“I realized that if I was going to write a story about healers, I also had to write a story about healing.”
Is it ever possible to reconcile clashing visions of national memory?
Nostalgia is both a threat and a refuge.
“As a horror trope, the child is always scary. It turns our notions of purity, innocence, violence, upside down.”
“I hope people will see the heartbreak of a little kid having to grow up and say goodbye to his childhood in order to survive.”
From the start of Armenia’s independence in 1991, Turkey took a hostile position toward its erstwhile victim of genocide. That hostility remains.
Why does the city of Chicago have a monument, gifted by a Fascist dictator, commemorating another Fascist? And why does it still stand?
For the righting of historical wrongs, to simply transfer property continues to perpetuate violence. True reparations require far more work.
As fascist armies conquered much of Spain, a writer publicly and famously denounced high-ranking officers right to their faces. Or did he?
If memory is an unreliable narrator, how can it be the medium through which we arrive at the truth about ourselves?
What will our children remember of this time, when their play and freedom are confined—or freed—by the digital?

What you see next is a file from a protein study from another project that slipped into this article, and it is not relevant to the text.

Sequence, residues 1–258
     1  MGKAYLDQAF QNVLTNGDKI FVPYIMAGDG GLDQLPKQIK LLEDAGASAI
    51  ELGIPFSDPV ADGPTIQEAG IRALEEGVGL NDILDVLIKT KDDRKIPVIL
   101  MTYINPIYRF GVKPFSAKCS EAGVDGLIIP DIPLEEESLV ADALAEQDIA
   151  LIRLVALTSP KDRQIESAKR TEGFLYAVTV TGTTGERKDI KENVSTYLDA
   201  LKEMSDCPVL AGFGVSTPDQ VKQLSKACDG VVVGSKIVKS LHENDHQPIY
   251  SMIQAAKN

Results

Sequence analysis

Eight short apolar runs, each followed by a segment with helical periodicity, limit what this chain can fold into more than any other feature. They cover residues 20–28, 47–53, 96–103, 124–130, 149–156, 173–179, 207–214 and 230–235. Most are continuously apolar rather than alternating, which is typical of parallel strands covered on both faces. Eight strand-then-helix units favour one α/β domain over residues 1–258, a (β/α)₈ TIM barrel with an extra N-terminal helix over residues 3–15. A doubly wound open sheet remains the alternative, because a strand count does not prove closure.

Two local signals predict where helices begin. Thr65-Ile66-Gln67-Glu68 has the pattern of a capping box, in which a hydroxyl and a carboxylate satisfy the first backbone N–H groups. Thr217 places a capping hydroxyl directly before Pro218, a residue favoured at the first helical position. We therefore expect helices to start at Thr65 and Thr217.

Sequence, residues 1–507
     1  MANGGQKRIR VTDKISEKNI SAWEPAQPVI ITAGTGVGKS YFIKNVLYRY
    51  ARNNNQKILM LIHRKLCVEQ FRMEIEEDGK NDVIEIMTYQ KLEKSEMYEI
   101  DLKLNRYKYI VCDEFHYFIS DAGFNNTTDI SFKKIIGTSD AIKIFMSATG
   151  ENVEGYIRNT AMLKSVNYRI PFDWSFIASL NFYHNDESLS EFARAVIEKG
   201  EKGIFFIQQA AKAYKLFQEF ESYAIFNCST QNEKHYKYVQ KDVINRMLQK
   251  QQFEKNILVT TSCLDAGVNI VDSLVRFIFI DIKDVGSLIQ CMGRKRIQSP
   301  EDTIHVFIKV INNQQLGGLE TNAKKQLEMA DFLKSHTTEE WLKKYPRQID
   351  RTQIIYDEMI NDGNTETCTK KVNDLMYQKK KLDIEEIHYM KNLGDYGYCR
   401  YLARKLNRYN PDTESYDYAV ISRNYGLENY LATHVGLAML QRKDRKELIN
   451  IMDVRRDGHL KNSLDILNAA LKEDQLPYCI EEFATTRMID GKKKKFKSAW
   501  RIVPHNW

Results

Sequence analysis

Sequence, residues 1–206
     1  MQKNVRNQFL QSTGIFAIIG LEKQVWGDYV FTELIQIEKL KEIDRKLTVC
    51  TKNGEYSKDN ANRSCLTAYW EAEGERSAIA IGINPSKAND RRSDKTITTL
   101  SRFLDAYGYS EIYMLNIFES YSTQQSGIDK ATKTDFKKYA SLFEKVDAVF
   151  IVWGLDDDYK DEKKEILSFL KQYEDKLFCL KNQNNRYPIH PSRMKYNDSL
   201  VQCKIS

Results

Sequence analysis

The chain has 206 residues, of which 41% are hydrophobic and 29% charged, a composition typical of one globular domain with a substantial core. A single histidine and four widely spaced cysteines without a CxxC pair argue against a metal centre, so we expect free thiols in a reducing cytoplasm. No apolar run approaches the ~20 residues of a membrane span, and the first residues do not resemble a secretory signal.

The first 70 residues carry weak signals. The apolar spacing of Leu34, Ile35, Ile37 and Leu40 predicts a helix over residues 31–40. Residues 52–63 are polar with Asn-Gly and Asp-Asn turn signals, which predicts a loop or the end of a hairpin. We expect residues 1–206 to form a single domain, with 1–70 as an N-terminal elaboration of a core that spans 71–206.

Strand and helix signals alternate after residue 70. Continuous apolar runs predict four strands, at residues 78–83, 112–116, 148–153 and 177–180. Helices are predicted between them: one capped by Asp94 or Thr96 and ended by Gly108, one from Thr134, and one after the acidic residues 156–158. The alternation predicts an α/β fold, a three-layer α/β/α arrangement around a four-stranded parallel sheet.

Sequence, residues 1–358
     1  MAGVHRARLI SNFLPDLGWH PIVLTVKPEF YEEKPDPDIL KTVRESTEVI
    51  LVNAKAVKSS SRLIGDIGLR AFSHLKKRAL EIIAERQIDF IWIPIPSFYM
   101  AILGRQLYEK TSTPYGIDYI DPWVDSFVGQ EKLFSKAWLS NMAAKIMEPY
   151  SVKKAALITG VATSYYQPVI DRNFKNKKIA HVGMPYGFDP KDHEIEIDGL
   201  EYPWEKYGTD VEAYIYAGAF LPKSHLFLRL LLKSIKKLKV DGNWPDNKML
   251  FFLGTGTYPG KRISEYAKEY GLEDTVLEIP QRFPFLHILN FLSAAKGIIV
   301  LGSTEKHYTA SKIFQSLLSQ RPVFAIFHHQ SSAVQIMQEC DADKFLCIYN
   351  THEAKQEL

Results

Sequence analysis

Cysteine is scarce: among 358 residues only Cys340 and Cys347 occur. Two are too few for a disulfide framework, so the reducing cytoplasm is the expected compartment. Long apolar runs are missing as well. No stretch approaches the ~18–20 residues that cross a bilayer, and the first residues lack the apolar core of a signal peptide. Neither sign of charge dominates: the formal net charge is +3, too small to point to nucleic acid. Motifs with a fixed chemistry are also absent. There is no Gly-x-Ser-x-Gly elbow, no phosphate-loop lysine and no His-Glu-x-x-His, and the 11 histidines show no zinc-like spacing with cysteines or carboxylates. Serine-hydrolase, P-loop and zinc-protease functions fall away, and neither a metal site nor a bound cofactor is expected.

What happens when a regime founded upon exclusion, racism, nationalism, and an authoritarian leader ends? In Spain, such a regime never really ended.
A recent flourishing of Palestinian literature reckons with complications in historical memory caused by settler colonialism.
When looking at both art and life, we recognize patterns and then we learn what those patterns signify.
I’m just wary of the tendency to glorify revolutionary violence and masculinity.
Studies of museum patronage mostly focus on social class. That's not the whole story.
Mary Borden’s taut masterpiece has long been overshadowed by the other Great War books of 1928–29 (All Quiet on the Western Front, A Farewell to Arms ...
Agnes Heller, the Hungarian-born political philosopher, died recently, at the age of 90. The obituaries in outlets like the New York Times, Le Monde, and Deutsche Welle have been respectful, and even ...
Ryder, the world-renowned pianist whose brief visit to an unnamed foreign city occupies the full 512 pages of Kazuo Ishiguro’s 1995 The Unconsoled, finds ...